There’s a difference between finding yourself in the “friend zone,” and finding yourself in a “gray zone” when it comes to dating. When you’ve been put in the friend zone, someone, for reasons that could include not being fully attracted to you, not wanting a relationship or just being straight up repulsed by you, doesn’t feel the same way you do. Therefore, they keep you close because they find some benefit in having you around, yet and still, they don’t want to take things further. And oh yeah, they let you know that you’re “just the friend.”
But when you’re put in the gray zone, you’re not the girlfriend/boyfriend, nor are you “just a friend.” You’re just there. In fact, you’re just around, going over to his house, waiting on his phone calls and pretty much “talking,” but with no firm statement of what the hell you two are, are what you’re doing. Don’t you hate that s**t!? A lot of the crap that comes with ending up in the gray zone can be resolved if early on, you tell someone your intentions and make sure they get it: “I’m looking for something more. I don’t have time to play games.” But sometimes we don’t make ourselves 100 percent clear, and in the end, we end up waiting for the other person to make the move that tells us whether we should keep waiting or whether we should head back to Match.com (kidding!). So how do you know when you’ve been relegated to such a place? We’ve got some ideas…seeing as how we’ve been there:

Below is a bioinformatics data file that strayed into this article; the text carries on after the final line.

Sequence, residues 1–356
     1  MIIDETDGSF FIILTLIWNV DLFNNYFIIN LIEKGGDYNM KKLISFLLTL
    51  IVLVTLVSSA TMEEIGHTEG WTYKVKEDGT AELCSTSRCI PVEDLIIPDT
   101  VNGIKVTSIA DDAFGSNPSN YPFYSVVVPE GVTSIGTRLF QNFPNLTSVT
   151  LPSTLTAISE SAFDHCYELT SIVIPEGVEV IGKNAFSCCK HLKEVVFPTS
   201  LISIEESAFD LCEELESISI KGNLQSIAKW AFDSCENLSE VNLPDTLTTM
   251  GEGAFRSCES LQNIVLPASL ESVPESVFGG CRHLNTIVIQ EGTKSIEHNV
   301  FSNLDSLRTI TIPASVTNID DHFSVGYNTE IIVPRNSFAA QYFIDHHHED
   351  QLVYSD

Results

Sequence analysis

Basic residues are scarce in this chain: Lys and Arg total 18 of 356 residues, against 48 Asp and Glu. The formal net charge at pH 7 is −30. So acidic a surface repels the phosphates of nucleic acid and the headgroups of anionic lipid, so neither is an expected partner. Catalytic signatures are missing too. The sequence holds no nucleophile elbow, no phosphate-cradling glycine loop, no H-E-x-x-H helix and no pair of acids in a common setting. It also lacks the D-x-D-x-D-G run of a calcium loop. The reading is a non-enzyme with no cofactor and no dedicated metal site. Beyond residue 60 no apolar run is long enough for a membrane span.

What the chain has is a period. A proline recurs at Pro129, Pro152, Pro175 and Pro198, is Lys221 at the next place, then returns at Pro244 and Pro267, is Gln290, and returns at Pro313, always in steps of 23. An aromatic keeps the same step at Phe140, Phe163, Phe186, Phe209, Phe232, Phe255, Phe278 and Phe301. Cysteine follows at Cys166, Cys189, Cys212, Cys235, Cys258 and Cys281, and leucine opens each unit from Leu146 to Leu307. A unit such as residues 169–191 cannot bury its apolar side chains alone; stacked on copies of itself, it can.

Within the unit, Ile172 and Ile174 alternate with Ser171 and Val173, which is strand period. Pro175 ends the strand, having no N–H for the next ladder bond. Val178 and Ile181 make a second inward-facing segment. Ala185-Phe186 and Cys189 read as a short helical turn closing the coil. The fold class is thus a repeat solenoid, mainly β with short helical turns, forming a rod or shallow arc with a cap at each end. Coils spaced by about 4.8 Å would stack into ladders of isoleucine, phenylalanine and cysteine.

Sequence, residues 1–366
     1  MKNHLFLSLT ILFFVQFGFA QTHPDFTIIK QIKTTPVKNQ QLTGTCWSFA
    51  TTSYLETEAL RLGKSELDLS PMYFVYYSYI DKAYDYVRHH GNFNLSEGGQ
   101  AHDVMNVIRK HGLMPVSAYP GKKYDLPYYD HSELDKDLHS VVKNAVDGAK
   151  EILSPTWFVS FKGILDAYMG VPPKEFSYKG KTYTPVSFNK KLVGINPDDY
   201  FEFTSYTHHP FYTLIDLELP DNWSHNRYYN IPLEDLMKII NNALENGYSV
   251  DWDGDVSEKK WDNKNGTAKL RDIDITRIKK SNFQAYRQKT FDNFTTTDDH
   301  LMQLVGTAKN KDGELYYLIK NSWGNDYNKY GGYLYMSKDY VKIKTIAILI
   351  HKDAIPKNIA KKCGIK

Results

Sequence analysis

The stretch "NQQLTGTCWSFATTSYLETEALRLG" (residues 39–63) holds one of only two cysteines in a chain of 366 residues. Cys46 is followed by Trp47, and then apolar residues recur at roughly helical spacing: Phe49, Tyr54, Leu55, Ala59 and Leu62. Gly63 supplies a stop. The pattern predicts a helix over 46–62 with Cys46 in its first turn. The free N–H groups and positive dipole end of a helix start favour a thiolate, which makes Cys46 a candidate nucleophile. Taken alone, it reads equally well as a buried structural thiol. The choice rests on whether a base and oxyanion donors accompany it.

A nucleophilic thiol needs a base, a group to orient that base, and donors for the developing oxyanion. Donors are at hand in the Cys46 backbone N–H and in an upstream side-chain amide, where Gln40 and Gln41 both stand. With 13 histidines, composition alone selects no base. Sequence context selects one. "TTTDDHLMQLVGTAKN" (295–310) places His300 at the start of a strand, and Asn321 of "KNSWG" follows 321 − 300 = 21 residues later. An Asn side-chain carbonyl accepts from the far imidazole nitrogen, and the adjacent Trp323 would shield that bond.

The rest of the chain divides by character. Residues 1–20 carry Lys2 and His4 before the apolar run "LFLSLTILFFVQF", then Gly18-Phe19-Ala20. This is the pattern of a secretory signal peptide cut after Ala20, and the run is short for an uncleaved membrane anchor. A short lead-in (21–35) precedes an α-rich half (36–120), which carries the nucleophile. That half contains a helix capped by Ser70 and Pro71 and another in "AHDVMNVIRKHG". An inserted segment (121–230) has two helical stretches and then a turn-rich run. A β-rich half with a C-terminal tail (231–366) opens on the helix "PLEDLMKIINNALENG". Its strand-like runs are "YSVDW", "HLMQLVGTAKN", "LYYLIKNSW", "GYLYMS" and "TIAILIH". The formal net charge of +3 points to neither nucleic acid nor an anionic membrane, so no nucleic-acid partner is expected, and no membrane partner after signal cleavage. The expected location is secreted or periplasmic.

If you meet someone online, are set up on a blind date or just ask someone out who you’ve never met before, it’s not that tough to tell if she likes you. If you never knew each other before, there is little pressure to sugar coat things. If she’s not feeling you, she just won’t call you back or she’ll drop the “Let’s just be friends line.” The tricky situation involves the woman you already know as a friend or acquaintance. Since it can be torture to see a woman week in and week out that you’re trying to take things to the next level with, but don’t know whether or not to cross that line, let’s put you out of your misery, shall we?